Last Tuesday, around six months after Miles’ first tooth extraction surgery, his other upper carnassial tooth broke. He let me know by sitting at the couch, and quietly whimpering at me. I asked him if he needed to go out, and he didn’t run to stand at the front door. I checked him for any signs of problems, and noticed the tooth right away. The root was completely exposed, a bright red dot in the middle of the white tooth. The picture I got of it (above) isn’t that clear, but you can see that the top of the tooth is missing, and the root is exposed.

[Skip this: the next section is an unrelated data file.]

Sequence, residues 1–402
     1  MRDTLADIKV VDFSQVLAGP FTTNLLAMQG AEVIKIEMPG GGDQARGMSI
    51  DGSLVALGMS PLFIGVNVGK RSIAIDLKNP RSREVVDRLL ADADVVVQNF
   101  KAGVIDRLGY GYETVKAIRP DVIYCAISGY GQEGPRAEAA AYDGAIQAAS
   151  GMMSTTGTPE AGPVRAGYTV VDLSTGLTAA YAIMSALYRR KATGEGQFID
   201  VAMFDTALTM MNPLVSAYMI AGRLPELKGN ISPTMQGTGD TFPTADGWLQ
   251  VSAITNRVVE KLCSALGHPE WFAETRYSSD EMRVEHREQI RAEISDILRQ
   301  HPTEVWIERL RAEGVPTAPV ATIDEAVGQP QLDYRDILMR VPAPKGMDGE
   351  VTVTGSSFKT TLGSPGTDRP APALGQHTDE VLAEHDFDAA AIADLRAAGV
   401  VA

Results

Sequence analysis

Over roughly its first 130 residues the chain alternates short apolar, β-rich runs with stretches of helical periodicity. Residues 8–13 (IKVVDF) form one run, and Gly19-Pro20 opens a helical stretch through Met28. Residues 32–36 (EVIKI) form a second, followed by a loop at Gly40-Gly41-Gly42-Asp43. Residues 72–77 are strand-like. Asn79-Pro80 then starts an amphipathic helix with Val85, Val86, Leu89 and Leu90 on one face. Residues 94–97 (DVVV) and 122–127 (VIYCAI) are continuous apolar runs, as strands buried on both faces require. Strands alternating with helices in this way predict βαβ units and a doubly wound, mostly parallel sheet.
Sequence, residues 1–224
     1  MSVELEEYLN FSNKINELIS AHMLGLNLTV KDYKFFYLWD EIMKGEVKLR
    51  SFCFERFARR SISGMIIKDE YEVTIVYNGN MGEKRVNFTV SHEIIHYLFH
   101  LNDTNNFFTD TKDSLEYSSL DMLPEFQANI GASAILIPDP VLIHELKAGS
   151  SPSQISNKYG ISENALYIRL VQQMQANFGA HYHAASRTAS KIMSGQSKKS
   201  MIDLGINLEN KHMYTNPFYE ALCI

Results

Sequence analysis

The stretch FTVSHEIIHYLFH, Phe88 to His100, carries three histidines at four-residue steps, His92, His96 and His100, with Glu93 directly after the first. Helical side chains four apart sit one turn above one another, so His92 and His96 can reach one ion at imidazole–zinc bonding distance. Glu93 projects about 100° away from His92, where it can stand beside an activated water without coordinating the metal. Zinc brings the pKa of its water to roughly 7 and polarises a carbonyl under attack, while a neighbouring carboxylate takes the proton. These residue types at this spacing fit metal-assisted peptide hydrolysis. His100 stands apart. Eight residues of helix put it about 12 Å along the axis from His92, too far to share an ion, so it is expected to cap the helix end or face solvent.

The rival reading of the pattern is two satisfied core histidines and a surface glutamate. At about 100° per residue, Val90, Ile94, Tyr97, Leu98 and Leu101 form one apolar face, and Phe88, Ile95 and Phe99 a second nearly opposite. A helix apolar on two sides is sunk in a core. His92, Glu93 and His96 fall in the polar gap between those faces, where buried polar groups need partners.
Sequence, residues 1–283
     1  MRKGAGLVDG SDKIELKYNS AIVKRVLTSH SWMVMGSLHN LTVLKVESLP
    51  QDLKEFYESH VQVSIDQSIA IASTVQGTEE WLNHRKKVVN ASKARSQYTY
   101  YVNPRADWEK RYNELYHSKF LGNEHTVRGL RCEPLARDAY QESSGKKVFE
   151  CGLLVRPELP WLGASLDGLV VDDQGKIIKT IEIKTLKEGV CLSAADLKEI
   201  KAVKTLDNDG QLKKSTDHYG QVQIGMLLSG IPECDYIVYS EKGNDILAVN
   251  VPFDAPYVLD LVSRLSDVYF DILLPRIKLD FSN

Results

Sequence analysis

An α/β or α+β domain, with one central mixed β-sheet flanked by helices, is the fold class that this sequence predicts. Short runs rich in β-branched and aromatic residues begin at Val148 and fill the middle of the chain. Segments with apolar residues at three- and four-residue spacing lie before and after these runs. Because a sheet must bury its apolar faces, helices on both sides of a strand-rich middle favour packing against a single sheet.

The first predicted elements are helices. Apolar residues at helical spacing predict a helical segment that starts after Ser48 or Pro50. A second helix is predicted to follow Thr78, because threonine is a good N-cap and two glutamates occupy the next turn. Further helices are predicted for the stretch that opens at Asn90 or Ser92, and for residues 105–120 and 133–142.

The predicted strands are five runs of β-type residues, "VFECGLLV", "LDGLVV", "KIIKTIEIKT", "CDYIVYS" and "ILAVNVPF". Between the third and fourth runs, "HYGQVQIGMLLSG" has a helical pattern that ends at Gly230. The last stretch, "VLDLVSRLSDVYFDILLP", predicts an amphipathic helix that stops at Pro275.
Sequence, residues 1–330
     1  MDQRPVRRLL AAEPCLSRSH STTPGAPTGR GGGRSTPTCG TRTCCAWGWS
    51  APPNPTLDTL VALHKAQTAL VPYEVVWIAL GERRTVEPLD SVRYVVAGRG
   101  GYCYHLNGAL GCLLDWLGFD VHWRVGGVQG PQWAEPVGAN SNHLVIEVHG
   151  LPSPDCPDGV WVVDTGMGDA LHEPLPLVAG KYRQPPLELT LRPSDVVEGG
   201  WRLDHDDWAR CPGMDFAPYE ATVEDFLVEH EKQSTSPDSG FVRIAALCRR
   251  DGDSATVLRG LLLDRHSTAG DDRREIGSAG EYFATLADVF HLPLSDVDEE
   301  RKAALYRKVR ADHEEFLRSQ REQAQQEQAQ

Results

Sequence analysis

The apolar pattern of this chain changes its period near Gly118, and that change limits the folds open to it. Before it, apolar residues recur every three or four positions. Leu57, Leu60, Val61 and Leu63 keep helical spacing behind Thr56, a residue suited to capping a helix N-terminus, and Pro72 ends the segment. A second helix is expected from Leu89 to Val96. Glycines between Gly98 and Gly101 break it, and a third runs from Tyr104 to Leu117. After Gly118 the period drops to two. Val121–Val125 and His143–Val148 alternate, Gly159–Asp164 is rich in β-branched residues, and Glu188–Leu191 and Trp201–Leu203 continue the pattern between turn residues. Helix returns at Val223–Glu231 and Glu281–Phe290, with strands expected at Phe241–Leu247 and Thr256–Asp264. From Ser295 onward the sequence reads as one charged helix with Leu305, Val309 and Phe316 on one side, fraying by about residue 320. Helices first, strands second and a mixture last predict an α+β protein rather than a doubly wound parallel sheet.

Once again, I took Miles to our veterinarian’s office right away. This time, our vet wasn’t in, so we saw another vet for the diagnoses. This time, because the break was so clean, the vet suggested connecting with the local dental specialist clinic, to see if they could perform what is called a vital pulpotomy. This is what the tooth is cleaned and then capped, to save the living tissue. A vital pulpotomy can only be done within a day or two of the break, so we both agreed it was worth a shot contacting the specialist. The next morning, last Wednesday, I hadn’t heard from the specialist, so I called. The receptionist informed me that because Miles is over 2 years old, that he is not a candidate for that procedure at their clinic. I was disappointed, but moved forward. A root canal was an option, but I decided to opt for removal, because a root canal results in a tooth that isn’t as strong as live one, leaving the remaining tooth more prone to breakage. I decided that I’d rather not risk having him go under anesthesia twice for the same tooth. It was a tough call, but that was the decision I came to. The specialist clinic was booked until next month for any surgeries, which was too long for us to wait. I called my vet, and he was back in. He agreed to remove the tooth, despite how grueling the experience was for him last time! The only problem was he wasn’t available until the 26th. I booked the appointment, and clutched the pain meds the clinic had given us! On Sunday, I got an unexpected call from our vet. “I don’t like the thought of Miles waiting that long with that kind of pain. My surgery day is still completely booked tomorrow, and part of that is that a specialist is coming in for a major surgery that I am on the team for… I’ll tell you what. Halfway through the day, if I feel like I can take it on, I will call you and have you bring Miles in. I will do what I can to make that happen.”